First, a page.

KSDB, Wildcat 91.9
KSDB is Kansas State University‘s campus radio station. A non commercial radio station located in Manhattan, Kansas, KSDB is staffed by about 100 student volunteers who gain valuable experience in all areas of radio broadcasting.
It plays alternative/independent rock, hip hop, jazz, and local music and is under the jurisdiction of the A.Q. Miller School of Journalism and Mass Communications.
The station has been broadcasting on the FM band since spring of 1950, and from its current location in McCain 316. Previously, the station broadcast on the campus carrier current AM system, and had studios located in Nichols Gymnasium. When Nichols burned down in 1968, KSDB operated from temporary locations until McCain Auditorium was completed. The station still maintains studios and offices there.
KSDB broadcasts at 91.9 mHZ on the FM dial in and around Manhattan, KS. It can also be streamed online at ksdbfm.org, or through a mobile app available on android and apple devices. Live requests can be made by calling (785) 532-0919. KSDB can also be found at: @ksdbfm on Twitter and on Facebook at facebook.com/ksdbfm.
How To Get Involved
KSDB offers a variety of options for students looking to get involved, including live DJ’ing (alternative/hip hop/jazz), sports broadcasting, news, specialty programming, and more.
Interested students should check out the Join KSDB page for more information regarding the process to become a DJ or to join the KSDB Executive Staff. Questions regarding student participation may be directed to:
Program Director: Claire Todd
Broadcast live on 91.9-FM from the KSDB studios, the Classroom Series is aimed at showcasing the talents of local musicians through video. It provides an outlet to musicians who have little or no other connections within the Manhattan area. In collaboration with Wildcat Watch, each Classroom Series event is recorded and produced for the KSDB YouTube Channel and posted on KSDB’s website. The Classroom Series also exists to provide an educational experience for the students involved in producing the event. Through these special broadcasts, students gain experience in videography, photography, audio engineering, video production, and promotions.
History of KSDB
KSDB began as an experiment on the third floor of Nichols Gymnasium in 1949. The first broadcasts began in earnest in March, but KSDB was a commercial station by June. KSDB’s commercial status allowed it to be self-supporting. Instead of a tower, the station broadcast over the campus power system. Broadcasting as a wired-wireless (or carrier current) station meant the signals never went more than a few hundred feet from power lines. This was within the maximum distance allowed by the Federal Communications Commission (FCC). At this time, the station was a member of the Intercollegiate Broadcasting System and under the direction of the Speech Department and Prof. George L. Arms.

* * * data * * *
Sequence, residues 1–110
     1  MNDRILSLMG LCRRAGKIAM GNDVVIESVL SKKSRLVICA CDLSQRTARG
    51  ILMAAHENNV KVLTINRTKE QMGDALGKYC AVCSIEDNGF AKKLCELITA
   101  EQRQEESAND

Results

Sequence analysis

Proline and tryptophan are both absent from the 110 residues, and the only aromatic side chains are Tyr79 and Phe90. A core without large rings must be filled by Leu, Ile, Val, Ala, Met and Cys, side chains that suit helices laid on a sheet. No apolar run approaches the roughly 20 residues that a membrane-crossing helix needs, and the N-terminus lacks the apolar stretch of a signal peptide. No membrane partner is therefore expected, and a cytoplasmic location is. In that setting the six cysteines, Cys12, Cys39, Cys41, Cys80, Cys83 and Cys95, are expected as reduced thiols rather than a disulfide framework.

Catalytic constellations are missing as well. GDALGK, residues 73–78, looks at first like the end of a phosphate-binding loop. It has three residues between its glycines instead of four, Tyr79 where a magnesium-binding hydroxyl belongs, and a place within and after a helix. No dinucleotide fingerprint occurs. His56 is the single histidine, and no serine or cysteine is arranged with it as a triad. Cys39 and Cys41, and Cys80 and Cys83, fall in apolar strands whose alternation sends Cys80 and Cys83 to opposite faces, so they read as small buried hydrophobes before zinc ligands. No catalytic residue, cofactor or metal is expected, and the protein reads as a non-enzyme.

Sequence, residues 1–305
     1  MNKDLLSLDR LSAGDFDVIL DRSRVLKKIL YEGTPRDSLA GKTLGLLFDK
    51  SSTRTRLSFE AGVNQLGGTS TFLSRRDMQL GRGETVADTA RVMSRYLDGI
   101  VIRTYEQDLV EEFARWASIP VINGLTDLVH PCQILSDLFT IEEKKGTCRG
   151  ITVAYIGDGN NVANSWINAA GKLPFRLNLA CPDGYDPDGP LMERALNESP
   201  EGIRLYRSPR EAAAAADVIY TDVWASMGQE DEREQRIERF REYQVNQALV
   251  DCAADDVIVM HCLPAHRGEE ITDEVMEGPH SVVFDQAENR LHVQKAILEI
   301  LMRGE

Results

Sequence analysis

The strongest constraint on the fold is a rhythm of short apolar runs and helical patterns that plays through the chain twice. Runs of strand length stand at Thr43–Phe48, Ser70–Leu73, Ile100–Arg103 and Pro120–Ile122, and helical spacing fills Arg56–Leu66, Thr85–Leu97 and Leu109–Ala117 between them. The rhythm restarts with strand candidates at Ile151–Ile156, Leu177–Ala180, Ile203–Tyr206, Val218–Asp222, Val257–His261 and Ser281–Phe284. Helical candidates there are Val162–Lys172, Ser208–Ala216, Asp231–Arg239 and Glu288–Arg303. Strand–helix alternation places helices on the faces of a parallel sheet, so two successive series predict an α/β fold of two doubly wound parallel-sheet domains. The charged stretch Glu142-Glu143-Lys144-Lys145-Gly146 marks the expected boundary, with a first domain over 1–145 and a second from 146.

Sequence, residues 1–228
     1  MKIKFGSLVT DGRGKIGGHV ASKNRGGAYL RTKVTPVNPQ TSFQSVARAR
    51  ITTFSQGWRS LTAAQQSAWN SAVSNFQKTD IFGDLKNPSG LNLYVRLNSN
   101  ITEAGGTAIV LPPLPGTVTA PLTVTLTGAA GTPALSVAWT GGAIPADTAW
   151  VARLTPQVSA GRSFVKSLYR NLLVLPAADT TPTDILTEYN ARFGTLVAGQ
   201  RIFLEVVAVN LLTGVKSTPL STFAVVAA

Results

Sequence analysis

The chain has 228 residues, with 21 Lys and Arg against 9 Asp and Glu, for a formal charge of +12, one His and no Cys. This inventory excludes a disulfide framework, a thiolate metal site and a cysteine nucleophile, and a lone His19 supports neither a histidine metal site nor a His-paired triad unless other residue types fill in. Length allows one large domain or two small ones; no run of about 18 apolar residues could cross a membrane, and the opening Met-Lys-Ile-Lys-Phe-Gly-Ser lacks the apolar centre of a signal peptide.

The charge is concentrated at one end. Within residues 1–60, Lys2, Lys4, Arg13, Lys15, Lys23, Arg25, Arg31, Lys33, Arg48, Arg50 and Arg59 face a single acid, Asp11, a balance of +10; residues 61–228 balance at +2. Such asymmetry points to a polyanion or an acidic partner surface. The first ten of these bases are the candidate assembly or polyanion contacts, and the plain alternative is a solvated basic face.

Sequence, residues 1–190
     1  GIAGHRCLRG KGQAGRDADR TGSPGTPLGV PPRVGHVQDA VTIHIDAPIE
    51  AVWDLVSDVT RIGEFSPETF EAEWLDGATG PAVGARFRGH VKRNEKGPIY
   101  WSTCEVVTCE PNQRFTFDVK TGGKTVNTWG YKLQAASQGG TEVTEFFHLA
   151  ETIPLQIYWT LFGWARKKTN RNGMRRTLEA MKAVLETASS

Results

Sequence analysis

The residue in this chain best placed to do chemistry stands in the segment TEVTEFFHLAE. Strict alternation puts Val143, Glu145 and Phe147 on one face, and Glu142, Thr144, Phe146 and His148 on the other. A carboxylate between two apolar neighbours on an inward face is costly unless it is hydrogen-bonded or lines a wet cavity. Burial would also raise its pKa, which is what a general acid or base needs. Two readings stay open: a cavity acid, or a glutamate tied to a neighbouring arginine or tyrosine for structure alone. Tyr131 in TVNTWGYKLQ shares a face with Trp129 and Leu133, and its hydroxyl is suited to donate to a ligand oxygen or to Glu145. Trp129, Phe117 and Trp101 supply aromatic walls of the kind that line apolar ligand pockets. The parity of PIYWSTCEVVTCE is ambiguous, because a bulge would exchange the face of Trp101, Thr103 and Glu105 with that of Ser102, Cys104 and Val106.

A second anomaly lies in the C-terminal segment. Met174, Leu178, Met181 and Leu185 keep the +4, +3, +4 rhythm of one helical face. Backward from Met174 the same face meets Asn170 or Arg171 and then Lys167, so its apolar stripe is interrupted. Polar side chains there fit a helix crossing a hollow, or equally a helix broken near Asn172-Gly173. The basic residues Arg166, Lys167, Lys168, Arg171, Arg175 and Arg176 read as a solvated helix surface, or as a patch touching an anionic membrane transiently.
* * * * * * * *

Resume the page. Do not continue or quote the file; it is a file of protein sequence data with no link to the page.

KSDB initially broadcast at 560 kilocycles. At this frequency, “practically the only way to hear the station was to sit on the steps of Nichols gym with a portable radio.” The station switched to 660 kilocycles in December, 1949, which “resulted in a marked improvement in reception.”
Programming for KSDB in the first year went from an hour of music at first, to about four hours of music,talk, and sports by November 2, 1949. The schedules for KSDB and KSAC were printed in the Kansas State Collegian. KSDB was on the air for 6 hours each weekday by November 20, 1950.
A television workshop established in 1948 gave radio-television students experience in another medium. Programs could be televised into two TV classrooms in Nichols Gymnasium.
KSDB was licensed by the FCC in November 1949, and FM broadcasts began the following spring. At leastsome of the new equipment was provided by U.S. Senator Arthur Capper. Wendall Wilson was the first K-State student to broadcast on KSDB in 1950.
The Nichols Fire
On Friday, December 13, 1968, Nichols Gymnasium was hit by arsonists. The fire “completely wiped out” KSDB, along with the Music Department and Physical Education. The only piece of music to survive the fire was the Wabash Cannonball, which became one of K-State’s main fight songs. The KSDB disc jockey on the air reportedly said “Due to circumstances beyond our control, we are leaving the air early.”
In 1987, KSDB upgraded to a 1,400 watt transmitter which is still in use today. KAKE-TV in Wichita donated a tower for the transmitter. KSDB purchased automation equipment in 1997 which allowed it to broadcast 24 hours per day.
KSDB moved into its new studio in the K-State Student Union on July 1, 2002 under the leadership of Candace Walton. The studio was fitted with all-new digital equipment. In the spring of 2013, KSDB was awarded 14 undergraduate radio awards, the most awarded to any institution in the state. In the fall of 2015 KSDB moved back to McCain due to the renovations at the K-State Student Union, which is where it remains today. On September 19 (91.9 day) KSDB reopened the station in the Union, where they record Open Mic, weekdays from 12-1pm.